Spectrum Keeps Leadership in Family Hands

By Staff Report

Aug. 15, 2006

Next month’s executive changes at HR software firm Spectrum Human Resource Systems are less revolution than evolution. In fact, Spectrum’s top post isn’t even leaving the family.

The Denver-based vendor, which focuses on selling human resource management systems to midsize companies, recently announced that founder, chief executive officer and chairman Jim Spoor is stepping aside as CEO effective September 1. In addition, his wife, Nancy, is retiring from her post as executive vice president and COO.

Their daughter, Sybll Romley, is taking over as CEO. Matt Keitlen, who is not a member of the Spoor family, will become executive vice president and COO.

The change should be a positive one for Spectrum clients, says Nov Omana, an industry consultant and chairman of the International Association for Human Resource Information Management professional group. Omana says Jim Spoor has established a reputation as a solid businessman and mentor in the field, and Sybll seems likely to extend the family legacy.

“From everything I’ve seen, she is her father’s daughter,” he says.

Founded in 1984, Spectrum concentrates on selling HR management applications to companies with 500 to 5,000 employees. It offers to install software on a customer’s own computers or host products remotely, allowing clients access to the application via the Internet.

Spectrum employs about 110 people, primarily in Denver. It has been profitable for all but one of its years. And business is healthy at the moment. Revenue rose 11 percent last year and is on pace to grow another 20 percent in 2006, the company says.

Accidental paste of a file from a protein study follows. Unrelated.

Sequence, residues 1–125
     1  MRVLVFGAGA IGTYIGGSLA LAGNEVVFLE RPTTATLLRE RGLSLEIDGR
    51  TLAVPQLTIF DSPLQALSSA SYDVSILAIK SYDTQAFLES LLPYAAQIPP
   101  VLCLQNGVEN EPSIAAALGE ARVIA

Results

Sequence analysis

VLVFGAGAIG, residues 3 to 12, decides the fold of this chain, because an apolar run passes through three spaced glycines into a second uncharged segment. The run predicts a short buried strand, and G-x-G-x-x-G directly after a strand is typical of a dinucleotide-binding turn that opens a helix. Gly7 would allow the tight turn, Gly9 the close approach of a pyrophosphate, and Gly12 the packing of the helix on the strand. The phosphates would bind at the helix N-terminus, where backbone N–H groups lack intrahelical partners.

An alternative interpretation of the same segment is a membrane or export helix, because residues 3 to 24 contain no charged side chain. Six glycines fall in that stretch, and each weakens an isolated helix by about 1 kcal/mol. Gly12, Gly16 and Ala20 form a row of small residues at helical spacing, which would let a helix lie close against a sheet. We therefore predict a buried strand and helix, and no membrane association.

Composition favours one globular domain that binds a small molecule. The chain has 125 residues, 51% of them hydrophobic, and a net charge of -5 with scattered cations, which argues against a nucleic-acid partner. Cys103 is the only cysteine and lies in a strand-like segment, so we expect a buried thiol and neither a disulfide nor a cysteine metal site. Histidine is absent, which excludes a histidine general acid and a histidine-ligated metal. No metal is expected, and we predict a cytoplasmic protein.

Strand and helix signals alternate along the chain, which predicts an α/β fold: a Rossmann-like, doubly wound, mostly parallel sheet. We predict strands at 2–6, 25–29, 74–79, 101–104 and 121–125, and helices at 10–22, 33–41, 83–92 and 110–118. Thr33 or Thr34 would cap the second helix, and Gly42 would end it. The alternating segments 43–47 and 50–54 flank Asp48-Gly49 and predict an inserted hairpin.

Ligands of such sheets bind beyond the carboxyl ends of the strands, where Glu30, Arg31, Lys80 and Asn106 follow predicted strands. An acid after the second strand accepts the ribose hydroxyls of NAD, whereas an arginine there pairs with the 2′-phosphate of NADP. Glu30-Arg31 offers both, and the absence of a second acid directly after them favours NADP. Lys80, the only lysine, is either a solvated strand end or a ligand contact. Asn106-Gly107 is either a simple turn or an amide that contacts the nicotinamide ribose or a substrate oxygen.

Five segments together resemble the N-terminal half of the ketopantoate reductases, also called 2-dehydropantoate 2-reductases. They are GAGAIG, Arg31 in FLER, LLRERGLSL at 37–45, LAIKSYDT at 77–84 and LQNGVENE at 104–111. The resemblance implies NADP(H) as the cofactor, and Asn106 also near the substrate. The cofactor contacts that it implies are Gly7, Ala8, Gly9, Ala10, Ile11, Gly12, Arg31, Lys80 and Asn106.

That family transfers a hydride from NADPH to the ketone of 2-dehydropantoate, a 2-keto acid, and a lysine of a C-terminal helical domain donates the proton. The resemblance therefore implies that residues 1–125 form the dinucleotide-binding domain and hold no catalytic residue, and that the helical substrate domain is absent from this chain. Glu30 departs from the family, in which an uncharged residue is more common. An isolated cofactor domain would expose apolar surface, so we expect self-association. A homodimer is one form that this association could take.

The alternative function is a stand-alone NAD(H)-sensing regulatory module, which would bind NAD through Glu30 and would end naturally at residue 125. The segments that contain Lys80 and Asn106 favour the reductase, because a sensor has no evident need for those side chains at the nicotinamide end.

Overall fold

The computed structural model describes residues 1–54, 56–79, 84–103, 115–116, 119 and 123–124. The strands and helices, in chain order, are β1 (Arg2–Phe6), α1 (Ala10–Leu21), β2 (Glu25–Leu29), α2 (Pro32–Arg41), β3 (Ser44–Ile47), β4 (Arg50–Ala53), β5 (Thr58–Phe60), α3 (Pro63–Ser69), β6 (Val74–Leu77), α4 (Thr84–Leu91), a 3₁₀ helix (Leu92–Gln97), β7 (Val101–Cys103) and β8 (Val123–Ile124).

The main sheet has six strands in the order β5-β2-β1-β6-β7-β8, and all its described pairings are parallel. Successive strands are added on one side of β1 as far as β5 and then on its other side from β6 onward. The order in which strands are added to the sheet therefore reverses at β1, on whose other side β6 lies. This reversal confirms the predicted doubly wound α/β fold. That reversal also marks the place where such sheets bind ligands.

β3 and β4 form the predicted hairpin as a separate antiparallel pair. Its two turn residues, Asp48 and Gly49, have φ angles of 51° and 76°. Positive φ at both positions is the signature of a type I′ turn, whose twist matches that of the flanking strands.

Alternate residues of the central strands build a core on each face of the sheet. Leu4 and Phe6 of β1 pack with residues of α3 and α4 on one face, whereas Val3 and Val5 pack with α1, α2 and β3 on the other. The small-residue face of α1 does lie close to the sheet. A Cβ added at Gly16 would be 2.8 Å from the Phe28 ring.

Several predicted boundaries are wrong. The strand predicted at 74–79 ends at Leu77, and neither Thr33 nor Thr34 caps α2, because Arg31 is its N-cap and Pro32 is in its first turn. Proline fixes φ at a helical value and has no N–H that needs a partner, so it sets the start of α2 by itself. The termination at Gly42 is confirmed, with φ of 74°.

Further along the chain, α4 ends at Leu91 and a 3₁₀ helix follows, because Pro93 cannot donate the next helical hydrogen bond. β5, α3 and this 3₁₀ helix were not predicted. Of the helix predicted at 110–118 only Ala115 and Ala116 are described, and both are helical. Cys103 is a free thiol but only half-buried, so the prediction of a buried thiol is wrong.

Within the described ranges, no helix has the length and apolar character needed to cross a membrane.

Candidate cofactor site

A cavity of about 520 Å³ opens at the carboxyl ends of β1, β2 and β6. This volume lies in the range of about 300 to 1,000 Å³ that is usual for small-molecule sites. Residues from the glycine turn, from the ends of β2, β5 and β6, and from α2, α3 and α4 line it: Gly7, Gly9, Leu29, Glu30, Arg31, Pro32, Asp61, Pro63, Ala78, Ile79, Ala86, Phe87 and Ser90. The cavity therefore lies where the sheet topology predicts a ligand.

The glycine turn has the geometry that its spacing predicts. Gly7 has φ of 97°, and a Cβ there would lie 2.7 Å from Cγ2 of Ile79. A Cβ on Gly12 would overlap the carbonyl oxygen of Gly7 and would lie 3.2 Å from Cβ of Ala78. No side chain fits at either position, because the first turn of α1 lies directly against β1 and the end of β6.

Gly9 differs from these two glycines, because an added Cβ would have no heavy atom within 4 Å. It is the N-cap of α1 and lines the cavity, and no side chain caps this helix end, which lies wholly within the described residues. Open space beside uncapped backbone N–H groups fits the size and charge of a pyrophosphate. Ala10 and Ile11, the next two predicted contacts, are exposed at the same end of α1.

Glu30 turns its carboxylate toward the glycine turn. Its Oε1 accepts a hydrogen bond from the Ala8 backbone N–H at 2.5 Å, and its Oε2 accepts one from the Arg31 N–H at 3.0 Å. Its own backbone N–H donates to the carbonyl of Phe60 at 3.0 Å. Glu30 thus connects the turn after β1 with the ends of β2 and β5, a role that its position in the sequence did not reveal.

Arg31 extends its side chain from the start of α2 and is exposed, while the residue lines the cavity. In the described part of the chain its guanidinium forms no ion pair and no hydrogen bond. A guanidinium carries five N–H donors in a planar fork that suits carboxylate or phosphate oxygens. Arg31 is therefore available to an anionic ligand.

Jim Spoor prides himself on having been a leader through various eras of HR software, including the shift to Web-based applications. Earlier this year, IHRIM gave Spoor its Summit Award for long-term contributions to the HR technology field. But Spoor, who only will admit to being over 55, says he is ready to ease back on the day-to-day demands of running the business.

“I’m looking forward to getting some more fly-fishing in,” he says.

Jim and Nancy Spoor remain majority owners of Spectrum. Other family members and employees also have ownership stakes. All three of the Spoors’ daughters work at Spectrum, as do two sons-in-law.

Keeping control of a business within a family risks charges of nepotism and leadership that’s been bestowed rather than earned with hard work. But Sybll Romley, who has worked at Spectrum for about two decades, says it’s obvious that family favoritism isn’t a factor at the firm.

“Family members at Spectrum work twice as hard to prove that they truly earned the position,” she says.

Romley has more work ahead. Paul Hamerman, an analyst at Forrester Research, says Spectrum faces competition from big software vendors SAP and Oracle, who are looking to serve smaller customers, and companies that already focus on midsize and smaller firms, such as Sage Software and Employease. “They’re kind of in a cauldron,” he says.

Ed Frauenheim

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